We need to experience the fullness of life. That fullness must include everything; it must include the "bad" as well as the "good," and it must include the full depth of experience of the "bad" along with an organic acknowledgment that this, too, is an inescapable fact of human condition that cannot be erased by feel-good philosophies.
One thing that Mme. DeSalzmann consistently said in her writings and when she spoke was that we must learn to be. She did not say, we must be this way or be that way. She simply said that we must make the effort to be.
This is distinct from the many teachings, philosophies, psychologies and religious ideas that we encounter in what one might call ordinary life. In this world we live in, we are constantly being told that we shouldn't be this way, we ought to be that way; we should be happy, not sad; fulfilled, not frustrated; and so on. In particular the Christian and Buddhist industries -- in the United States more than anywhere -- have generated a massive amount of well-meaning and heartfelt propaganda aimed at telling us how we can transform ourselves to be wonderful, for life to be wonderful, for life to be filled with joy.
Lest I begin to sound like the irascible curmudgeon that I actually am, let me state unequivocally that I fully support this idea of being joyful and wonderful and happy. I think that this is a good ordinary aim. All of us should have it.
I think the point -- at least from my perspective -- is that those of us who search, who search deeply and without any great mercy towards ourselves, for what is actually true in life are called to discover an aim that is not ordinary, but extraordinary.
That is to say, the aim is to go beyond what is ordinary in life -- the search for ordinary pleasure, which is as strong in me as in anyone -- and toward something that asks a greater question. This requires me to do something which is in itself extraordinary -- I must go beyond the bliss.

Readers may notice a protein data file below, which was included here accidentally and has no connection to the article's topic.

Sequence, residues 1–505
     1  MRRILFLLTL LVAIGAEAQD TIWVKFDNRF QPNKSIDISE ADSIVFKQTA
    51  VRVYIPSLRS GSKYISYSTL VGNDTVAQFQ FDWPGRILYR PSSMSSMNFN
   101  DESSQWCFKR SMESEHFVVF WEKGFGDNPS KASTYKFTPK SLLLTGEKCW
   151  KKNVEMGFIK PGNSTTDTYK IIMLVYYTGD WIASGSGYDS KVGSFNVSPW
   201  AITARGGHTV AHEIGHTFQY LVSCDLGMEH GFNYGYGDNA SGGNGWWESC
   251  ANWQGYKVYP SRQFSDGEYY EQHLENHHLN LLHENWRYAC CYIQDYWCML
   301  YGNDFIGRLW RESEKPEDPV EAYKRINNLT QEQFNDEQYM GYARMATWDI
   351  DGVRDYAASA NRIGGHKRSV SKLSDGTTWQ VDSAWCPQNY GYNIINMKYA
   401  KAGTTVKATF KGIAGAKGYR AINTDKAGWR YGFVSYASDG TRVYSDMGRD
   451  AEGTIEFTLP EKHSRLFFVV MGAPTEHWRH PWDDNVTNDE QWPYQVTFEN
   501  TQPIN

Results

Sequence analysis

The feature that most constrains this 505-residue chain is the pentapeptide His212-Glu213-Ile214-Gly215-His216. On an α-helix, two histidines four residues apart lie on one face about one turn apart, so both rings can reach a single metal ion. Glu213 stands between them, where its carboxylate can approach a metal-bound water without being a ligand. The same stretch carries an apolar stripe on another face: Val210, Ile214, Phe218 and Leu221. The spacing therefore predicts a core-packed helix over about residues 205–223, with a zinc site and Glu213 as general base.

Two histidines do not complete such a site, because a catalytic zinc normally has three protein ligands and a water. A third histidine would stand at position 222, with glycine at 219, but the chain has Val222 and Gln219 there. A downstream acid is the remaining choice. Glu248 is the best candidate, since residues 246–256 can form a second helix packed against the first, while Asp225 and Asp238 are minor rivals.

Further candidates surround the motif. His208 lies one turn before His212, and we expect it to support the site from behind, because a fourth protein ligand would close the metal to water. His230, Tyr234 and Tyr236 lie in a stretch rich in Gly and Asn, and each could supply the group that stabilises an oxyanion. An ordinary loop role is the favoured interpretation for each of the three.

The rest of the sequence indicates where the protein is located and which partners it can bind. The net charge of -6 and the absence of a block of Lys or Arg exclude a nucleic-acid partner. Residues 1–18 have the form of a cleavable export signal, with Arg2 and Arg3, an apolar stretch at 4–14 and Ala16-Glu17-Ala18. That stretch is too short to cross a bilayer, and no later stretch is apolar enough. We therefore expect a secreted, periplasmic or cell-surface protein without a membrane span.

And this is not a step a man can take easily, because it demands the surrender of something magnificent in the hopes--and the risk--of going further.
Why dare do such a thing? Why would any of us give up what appears to be perfection, if we should perchance attain it?
Functioning here, as usual, as a reporter rather than as a teacher, I can't say for any other person what that greater question, that question that lies beyond the bliss and the joy, is or should be. In my own case, the question keeps changing, so that it constantly draws me deeper into this unknowing of life, this recognition that I do not know what life is despite the fact that I am constantly within it. According to his own report, that is the quintessential question that drew P. D. Ouspensky to Gurdjieff in the early years of the 20th century, triggering a series of events that changed the world of esoteric spirituality. This single question, and perhaps this question alone, has the power to change one's inner cosmos.
And it is in my ongoing movement deeper into the question of what this life consists of, with the consequent seeing of negativity -- the seeing of it, not the attempt to fix it -- yes, it is in this movement itself that I discover the act of living.
Instead of trying to be this way, or be that way, and listening to audio recordings telling us how to be, and reading books by people who supposedly know which way to be, our effort can, conversely, be reconfigured: to simply discover how to Be.
That being must be radical -- it must spring from the root -- and it must not be conditioned by expectations or statements about what it should be. It must, in a very real and practical sense, be expunged of all our ordinary expectations like happiness and unhappiness. This may sound cruel or too demanding, but those who have on occasion approached a fundamental sense of the organic depth of the sorrow of our mortality will perhaps begin to understand where I am coming from, and what I believe we must move towards.
The great Zen masters such as Dogen profoundly understood this point of work. That is almost certainly why Mme. DeSalzmann, as her work evolved, adopted the Zen practice of sitting, and made it what is now a standard fixture in the Work.
Mme. DeSalzmann was relentless in her effort to point men and women around her in this direction. This direction where we have the question of Being in front of us. Not the question of happiness; not the question of right action; not the question of what one should do or how one ought to act, but the question of how to inhabit the act of Being.
The immense gravity that the forces of ordinary life emit constantly draw us away from this question. They are of enormous power. It is only by standing in opposition to that gravity-- yes, perhaps even in opposition to these external forces that relentlessly demand that we be happy and normal and wonderful -- that we can hope to acquire something for ourselves that is real.
This does not mean that we shouldn't be happy, normal, and wonderful.